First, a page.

Ten movies we can’t wait to see at the 2014 Sundance Film Festival

Our man in Utah, Time Out New York’s film editor, picks the films he’s most looking forward to seeing at the annual indie shindig

1/10

Director: Richard Linklater

Richard Linklater has been on fire lately – not just with last year’s magnificent ‘Before Midnight’, but ‘Bernie’, his complex Texas crime comedy (my favourite movie of 2012). His latest, a surprise festival entry, is a project he’s been working on in dribs and drabs for 11 years.

2/10

Director: Lenny Abrahamson

Michael Fassbender wrecked audiences in ‘Shame’; there’s no telling if he’ll be able to do the same thing while encased in a papier-mâché head in this film from Irish director Lenny Abrahamson (‘What Richard Did’). (The actor plays mysterious musician Frank Sidebottom.) The potential for joy is high.

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3/10

Director: Mike Cahill

Writer-director Mike Cahill (‘Another Earth’) and frequent collaborator Brit Marling have come to represent the best of what Sundance is: brainy, independent and genre-savvy. Their latest director-actor collaboration involves eye science and a radical discovery.

4/10

Director: Göran Olsson

Finally: the fierce documentary based on the writings of anticolonial theorist Frantz Fanon we’ve all been waiting for. Less sarcastically: this is the latest film from archival-footage-shaper Göran Olsson. His 2011 film ‘The Black Power Mixtape 1967–1975’ was arresting – a real reclaiming of history.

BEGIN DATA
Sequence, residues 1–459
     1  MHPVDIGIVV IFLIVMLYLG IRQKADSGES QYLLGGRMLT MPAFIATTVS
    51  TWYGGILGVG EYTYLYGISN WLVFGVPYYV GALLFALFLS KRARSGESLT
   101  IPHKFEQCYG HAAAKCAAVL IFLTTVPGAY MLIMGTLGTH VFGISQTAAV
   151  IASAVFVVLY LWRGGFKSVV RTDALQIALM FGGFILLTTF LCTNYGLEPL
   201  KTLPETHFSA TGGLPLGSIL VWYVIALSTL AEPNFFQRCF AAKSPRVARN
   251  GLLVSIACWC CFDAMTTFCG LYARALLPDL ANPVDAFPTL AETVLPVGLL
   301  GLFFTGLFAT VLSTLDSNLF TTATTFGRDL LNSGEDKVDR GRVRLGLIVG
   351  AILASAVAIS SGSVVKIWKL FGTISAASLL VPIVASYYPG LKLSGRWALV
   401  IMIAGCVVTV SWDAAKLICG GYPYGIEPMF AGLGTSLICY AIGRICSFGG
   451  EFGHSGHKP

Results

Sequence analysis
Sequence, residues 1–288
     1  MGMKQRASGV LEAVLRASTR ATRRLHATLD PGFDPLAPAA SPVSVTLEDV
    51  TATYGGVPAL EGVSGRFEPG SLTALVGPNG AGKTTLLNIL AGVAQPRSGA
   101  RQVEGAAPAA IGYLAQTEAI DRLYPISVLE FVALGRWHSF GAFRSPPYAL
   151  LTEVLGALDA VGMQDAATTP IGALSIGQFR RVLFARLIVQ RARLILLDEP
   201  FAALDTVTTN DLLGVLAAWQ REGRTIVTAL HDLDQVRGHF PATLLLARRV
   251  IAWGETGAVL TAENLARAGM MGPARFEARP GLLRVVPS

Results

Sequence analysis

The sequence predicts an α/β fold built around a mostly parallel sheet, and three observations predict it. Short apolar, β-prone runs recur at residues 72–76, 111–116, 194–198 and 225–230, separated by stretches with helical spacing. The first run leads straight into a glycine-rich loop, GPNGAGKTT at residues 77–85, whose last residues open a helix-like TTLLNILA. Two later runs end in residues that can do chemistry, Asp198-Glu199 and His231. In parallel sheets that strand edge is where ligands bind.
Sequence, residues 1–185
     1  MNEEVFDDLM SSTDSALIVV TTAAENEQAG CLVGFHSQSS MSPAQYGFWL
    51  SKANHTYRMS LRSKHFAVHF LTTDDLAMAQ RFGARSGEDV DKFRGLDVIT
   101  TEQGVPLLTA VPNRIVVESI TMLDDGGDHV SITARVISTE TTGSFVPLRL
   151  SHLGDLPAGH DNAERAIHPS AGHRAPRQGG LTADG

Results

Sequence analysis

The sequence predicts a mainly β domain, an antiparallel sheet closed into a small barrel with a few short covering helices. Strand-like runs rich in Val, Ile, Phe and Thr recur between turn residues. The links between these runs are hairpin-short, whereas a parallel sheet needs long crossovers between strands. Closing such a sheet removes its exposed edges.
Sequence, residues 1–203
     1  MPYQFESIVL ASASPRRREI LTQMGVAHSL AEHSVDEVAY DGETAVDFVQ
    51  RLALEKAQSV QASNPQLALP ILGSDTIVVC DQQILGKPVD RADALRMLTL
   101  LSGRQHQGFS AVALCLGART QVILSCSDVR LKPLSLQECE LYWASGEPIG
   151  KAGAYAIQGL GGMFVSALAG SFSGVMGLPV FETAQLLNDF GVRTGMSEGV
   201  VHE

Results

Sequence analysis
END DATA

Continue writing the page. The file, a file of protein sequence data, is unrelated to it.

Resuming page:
5/10

Director: David Zellner

It just sounds too weird to miss: a lonely Japanese woman becomes obsessed with an American crime movie and heads to wintry Minnesota (can you guess the film?) to get some closure. The star is Rinko Kikuchi (‘Babel’).

6/10

Director: Rory Kennedy

‘Miss Saigon’ aside, little work has been made about the chaotic 1975 episode in which Americans fled in helicopters from the embassy rooftop in Saigon, an undignified end to a disastrous war. Director Rory Kennedy dives into the moment.

7/10

Director: Steve James

A documentary about critical giant Roger Ebert was inevitable, so it’s a relief that it comes from ‘Hoop Dreams’ director Steve James, a longtime Chicagoan (like his subject) and a filmmaker fond of inspirational challenges.

8/10

Director: Ira Sachs

It’s definitely a step toward the mainstream for American writer-director Ira Sachs, a purveyor of rough-hewn intimacy in ‘Keep the Lights On’. But you can’t improve on his cast, primarily Alfred Molina and John Lithgow as loving partners who encounter headaches after they formally tie the knot.

9/10

Director: Michael Winterbottom

Let the bickering begin (again): Steve Coogan and Rob Brydon’s first outing, 2010’s ‘The Trip’, wasn’t just a trove of riotous Michael Caine impressions. It hid an understated vein of loneliness and male immaturity. I expect great things. And scallops.

10/10

Director: Gregg Araki

It’s rumored that this missing-mother psychodrama is a return to ‘Mysterious Skin’ territory for Sundance vet Gregg Araki. Seeing as how I enjoyed his ‘Kaboom’ territory as well, my hopes are sky-high.


It’s been a decade since I last attended the Sundance Film Festival, where I met Metallica’s life coach, boggled over Shane Carruth’s ‘Primer’ and fell fully clothed into an indoor swimming pool. (No comment on which incident was trippiest.) Needless to say, I’m stoked to be returning: Time Out will have daily reviews of all the buzzed titles and more. Here are the ten films I’m most excited to see.

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